A few weeks back, I wrote about Jake Martin’s terrific book Â Â What’s So Funny About Faith? Â A Memoir From the Intersection of Hilarious and Holy.Â Â Jake is a professional comedian who followed the call to enter the priesthood, and the book features all kinds of fascinating insights into both comedy and faith. Â Jake is Â a Jesuit comedian and writer whose work has appeared in America Magazine, Busted Halo and the Huffington Post. He is currently studying theology in Berkeley, California, and it’s a pleasure to share Part One of my interview with him below. Thanks, Jake!
In a few sentences, give us a sense of what your book is all about.
In the most simplistic sense, the book is about my attempts to reconcile my life as a comedian with my life as a person of faith, more specifically as a Jesuit.Â But in a broader sense itâ€™s about the apparent disconnect I think that all of us encounter between the world of popular culture and the world of religion/spirituality.Â Iâ€™m not unusual in that television and film were a huge part of my personal development, but at the same time Catholicism also played a huge role in shaping who I am, and this book is about bridging that gap.Â It never felt right to me that these two things (faith and popular culture) had to exist in separate spheres, I felt that there was some overlap, that just in the same way someone could encounter God in DaVinciâ€™s The Last Supper, so too could someone also find God in an episode of Roseanne.
Â Are there aspects of life as a professional comedian that prepared you well for the priesthood?Â
Well, I think the obvious one is the public speaking part.Â Everyone would always say to me when I was discerning my vocation to the Jesuits, â€œOh well, youâ€™ll give great homilies because youâ€™re a comedian.â€Â The jury is still out on that one.
However, another thing that I donâ€™t think is as readily apparent about comedy is that the truth is always thereâ€¦well at least in good, comedy.Â I was taught improv by some pretty amazing folks who always emphasized the importance of â€œtruth in comedy,â€ how what is funny is what is true, that you donâ€™t have to manufacture things to get a laugh.Â The fundamental honesty of who you are and what life is, is much funnier than anything you couldÂ make up.Â And I think that honesty, that authenticity, has served me well as I became a Jesuit and prepare for the priesthood.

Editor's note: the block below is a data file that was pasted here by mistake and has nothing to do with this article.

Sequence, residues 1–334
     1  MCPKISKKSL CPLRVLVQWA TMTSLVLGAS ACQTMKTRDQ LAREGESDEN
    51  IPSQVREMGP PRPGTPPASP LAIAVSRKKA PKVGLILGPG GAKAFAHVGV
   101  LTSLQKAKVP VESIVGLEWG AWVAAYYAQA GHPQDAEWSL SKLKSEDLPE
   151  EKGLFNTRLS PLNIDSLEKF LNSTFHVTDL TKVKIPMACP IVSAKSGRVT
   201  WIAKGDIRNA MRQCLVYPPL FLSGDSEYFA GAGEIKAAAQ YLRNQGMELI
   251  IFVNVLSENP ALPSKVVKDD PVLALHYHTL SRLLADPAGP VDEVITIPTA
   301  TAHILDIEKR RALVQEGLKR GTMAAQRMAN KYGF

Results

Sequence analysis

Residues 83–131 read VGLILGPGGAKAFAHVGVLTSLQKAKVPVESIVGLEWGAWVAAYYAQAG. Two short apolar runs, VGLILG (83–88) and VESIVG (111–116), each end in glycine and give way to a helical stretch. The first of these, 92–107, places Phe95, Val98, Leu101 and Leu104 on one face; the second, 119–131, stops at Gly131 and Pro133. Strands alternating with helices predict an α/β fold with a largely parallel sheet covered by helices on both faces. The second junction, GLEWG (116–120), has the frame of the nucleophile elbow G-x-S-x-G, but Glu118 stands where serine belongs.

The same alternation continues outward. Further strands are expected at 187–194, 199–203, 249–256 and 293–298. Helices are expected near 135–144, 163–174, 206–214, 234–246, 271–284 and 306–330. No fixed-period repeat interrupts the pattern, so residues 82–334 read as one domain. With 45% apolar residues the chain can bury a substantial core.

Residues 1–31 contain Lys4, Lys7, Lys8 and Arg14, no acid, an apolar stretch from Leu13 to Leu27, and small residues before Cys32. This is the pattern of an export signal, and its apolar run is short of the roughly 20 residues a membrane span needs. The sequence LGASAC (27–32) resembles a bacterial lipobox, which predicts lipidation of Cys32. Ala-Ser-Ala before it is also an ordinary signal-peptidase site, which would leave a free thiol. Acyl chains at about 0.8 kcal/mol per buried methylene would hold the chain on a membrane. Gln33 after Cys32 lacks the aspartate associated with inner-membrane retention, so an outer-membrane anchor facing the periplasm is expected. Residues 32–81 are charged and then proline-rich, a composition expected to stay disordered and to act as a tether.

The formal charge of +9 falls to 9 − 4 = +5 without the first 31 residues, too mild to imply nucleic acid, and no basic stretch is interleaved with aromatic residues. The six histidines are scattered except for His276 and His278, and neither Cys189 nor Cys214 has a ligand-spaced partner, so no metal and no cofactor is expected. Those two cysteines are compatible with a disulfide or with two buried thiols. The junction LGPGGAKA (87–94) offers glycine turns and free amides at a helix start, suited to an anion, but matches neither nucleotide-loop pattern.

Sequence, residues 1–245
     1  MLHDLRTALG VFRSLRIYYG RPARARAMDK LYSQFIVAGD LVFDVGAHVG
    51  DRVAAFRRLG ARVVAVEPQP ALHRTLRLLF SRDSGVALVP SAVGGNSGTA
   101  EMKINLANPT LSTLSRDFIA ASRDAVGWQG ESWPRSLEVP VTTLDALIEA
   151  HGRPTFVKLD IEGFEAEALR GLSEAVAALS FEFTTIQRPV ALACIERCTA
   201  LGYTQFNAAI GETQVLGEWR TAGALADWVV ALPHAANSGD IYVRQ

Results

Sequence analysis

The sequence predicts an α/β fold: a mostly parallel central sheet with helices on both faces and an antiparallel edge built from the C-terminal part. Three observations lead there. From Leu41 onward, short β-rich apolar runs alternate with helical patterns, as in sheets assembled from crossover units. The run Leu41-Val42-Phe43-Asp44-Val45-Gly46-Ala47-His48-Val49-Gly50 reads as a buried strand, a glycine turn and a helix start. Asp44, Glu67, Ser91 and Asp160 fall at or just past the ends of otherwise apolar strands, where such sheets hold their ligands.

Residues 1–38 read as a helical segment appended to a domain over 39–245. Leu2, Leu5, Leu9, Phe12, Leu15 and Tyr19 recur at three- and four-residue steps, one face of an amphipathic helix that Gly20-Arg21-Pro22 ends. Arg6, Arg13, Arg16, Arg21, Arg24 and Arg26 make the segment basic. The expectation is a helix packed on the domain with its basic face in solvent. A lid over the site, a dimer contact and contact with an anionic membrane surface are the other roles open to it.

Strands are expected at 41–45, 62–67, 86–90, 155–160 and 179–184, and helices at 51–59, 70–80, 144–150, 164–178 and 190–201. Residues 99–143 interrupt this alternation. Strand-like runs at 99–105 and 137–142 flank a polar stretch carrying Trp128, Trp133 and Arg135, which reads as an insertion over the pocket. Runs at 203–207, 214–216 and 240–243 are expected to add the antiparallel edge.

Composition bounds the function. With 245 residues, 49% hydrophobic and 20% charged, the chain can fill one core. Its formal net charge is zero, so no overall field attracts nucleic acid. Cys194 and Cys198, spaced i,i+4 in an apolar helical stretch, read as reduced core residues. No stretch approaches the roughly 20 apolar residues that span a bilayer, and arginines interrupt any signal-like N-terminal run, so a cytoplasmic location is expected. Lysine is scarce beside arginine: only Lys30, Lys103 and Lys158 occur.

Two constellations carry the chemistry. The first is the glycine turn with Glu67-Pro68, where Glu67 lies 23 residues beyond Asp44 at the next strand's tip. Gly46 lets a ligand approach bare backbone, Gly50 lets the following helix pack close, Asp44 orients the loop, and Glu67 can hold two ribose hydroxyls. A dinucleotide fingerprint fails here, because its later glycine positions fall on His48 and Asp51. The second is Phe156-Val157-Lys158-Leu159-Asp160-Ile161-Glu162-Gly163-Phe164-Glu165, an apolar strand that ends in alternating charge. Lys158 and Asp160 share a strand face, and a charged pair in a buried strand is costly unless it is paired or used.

Thereâ€™s definitely a stereotype that people who are religious have no sense of humor.Â Where do you think that stereotype comes from?Â
Well, I think itâ€™s the matter of reverence, at least in the Catholic tradition, that idea of standing in awe before God. Â Being raised Catholic I know that going to Mass when I was a child was always about paying attention and being quiet and doing what youâ€™re told when youâ€™re told.Â Â I donâ€™t think thatâ€™s a bad thing either, there is definitely a time and place for it.Â But I guess when it becomes â€œGod is serious business all the timeâ€ that problems arise.Â I think itâ€™s an easy trap to fall into, but with it you lose a lot of the joy thatâ€™s there.Â Joy and humor go hand in hand and I think itâ€™s an important to remember.
If you could meet any comedic giant, dead or alive, whom would you like to meet?
Well, from my own personal experience of comedians, sometime it is better not to meet them face to face.Â Being funny on stage does not necessarily equate with someone you ever want to spend time with; but if I had to choose, it would probably be Gilda Radner or Richard Pryor.Â I donâ€™t think I could pick between the two.Â Gilda was the first person I ever saw on television who made me laugh and watching her old sketches today she still does.Â Pryor was just a genius, who had such a difficult life and while he probably wasnâ€™t a delight to be around, I would like to know how his mind works.
Come back Thursday for Part Two, in which Jake shares his thoughts on comedy as a path to social justice and reflects on the best gift his mom gave him.